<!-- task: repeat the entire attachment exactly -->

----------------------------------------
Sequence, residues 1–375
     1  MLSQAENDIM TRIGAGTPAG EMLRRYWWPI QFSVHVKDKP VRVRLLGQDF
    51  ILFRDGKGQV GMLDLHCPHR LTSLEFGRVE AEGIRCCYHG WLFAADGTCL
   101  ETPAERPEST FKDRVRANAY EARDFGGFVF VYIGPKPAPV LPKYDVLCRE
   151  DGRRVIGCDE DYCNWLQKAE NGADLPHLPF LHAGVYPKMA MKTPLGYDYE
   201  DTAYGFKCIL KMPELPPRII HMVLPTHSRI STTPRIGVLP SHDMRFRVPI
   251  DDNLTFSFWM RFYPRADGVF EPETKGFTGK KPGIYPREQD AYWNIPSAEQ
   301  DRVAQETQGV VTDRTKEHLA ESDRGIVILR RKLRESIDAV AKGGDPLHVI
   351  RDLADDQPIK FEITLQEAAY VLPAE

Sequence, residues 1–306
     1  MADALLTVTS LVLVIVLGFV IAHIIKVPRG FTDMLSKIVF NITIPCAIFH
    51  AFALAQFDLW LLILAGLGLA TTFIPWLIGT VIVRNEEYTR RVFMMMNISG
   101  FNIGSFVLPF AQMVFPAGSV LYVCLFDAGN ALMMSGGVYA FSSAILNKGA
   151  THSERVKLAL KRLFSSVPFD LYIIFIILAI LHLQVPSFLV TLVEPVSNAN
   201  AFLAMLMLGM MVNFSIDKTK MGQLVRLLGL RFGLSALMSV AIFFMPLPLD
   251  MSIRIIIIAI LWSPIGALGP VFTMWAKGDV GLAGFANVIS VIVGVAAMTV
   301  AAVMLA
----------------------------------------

Sequence, residues 1–375
     1  MLSQAENDIM TRIGAGTPAG EMLRRYWWPI QFSVHVKDKP VRVRLLGQDF
    51  ILFRDGKGQV GMLDLHCPHR LTSLEFGRVE AEGIRCCYHG WLFAADGTCL
   101  ETPAERPEST FKDRVRANAY EARDFGGFVF VYIGPKPAPV LPKYDVLCRE
   151  DGRRVIGCDE DYCNWLQKAE NGADLPHLPF LHAGVYPKMA MKTPLGYDYE
   201  DTAYGFKCIL KMPELPPRII HMVLPTHSRI STTPRIGVLP SHDMRFRVPI
   251  DDNLTFSFWM RFYPRADGVF EPETKGFTGK KPGIYPREQD AYWNIPSAEQ
   301  DRVAQETQGV VTDRTKEHLA ESDRGIVILR RKLRESIDAV AKGGDPLHVI
   351  RDLADDQPIK FEITLQEAAY VLPAE

Sequence, residues 1–306
     1  MADALLTVTS LVLVIVLGFV IAHIIKVPRG FTDMLSKIVF NITIPCAIFH
    51  AFALAQFDLW LLILAGLGLA TTFIPWLIGT VIVRNEEYTR RVFMMMNISG
   101  FNIGSFVLPF AQMVFPAGSV LYVCLFDAGN ALMMSGGVYA FSSAILNKGA
   151  THSERVKLAL KRLFSSVPFD LYIIFIILAI LHLQVPSFLV TLVEPVSNAN
   201  AFLAMLMLGM MVNFSIDKTK MGQLVRLLGL RFGLSALMSV AIFFMPLPLD
   251  MSIRIIIIAI LWSPIGALGP VFTMWAKGDV GLAGFANVIS VIVGVAAMTV
   301  AAVMLA